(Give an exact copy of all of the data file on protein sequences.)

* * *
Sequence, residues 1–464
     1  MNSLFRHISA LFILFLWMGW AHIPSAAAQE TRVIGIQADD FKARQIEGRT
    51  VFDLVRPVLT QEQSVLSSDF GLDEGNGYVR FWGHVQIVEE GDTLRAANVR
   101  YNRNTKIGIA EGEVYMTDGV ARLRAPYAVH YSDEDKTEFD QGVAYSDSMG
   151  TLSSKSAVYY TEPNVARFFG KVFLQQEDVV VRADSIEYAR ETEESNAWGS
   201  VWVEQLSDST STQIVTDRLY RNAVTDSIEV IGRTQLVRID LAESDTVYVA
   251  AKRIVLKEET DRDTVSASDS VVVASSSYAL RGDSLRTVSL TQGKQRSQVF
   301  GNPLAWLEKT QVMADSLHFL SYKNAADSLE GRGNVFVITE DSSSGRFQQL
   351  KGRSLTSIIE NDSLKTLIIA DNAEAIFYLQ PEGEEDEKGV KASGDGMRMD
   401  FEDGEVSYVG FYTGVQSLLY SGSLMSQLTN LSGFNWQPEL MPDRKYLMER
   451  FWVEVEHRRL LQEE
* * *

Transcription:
Sequence, residues 1–464
     1  MNSLFRHISA LFILFLWMGW AHIPSAAAQE TRVIGIQADD FKARQIEGRT
    51  VFDLVRPVLT QEQSVLSSDF GLDEGNGYVR FWGHVQIVEE GDTLRAANVR
   101  YNRNTKIGIA EGEVYMTDGV ARLRAPYAVH YSDEDKTEFD QGVAYSDSMG
   151  TLSSKSAVYY TEPNVARFFG KVFLQQEDVV VRADSIEYAR ETEESNAWGS
   201  VWVEQLSDST STQIVTDRLY RNAVTDSIEV IGRTQLVRID LAESDTVYVA
   251  AKRIVLKEET DRDTVSASDS VVVASSSYAL RGDSLRTVSL TQGKQRSQVF
   301  GNPLAWLEKT QVMADSLHFL SYKNAADSLE GRGNVFVITE DSSSGRFQQL
   351  KGRSLTSIIE NDSLKTLIIA DNAEAIFYLQ PEGEEDEKGV KASGDGMRMD
   401  FEDGEVSYVG FYTGVQSLLY SGSLMSQLTN LSGFNWQPEL MPDRKYLMER
   451  FWVEVEHRRL LQEE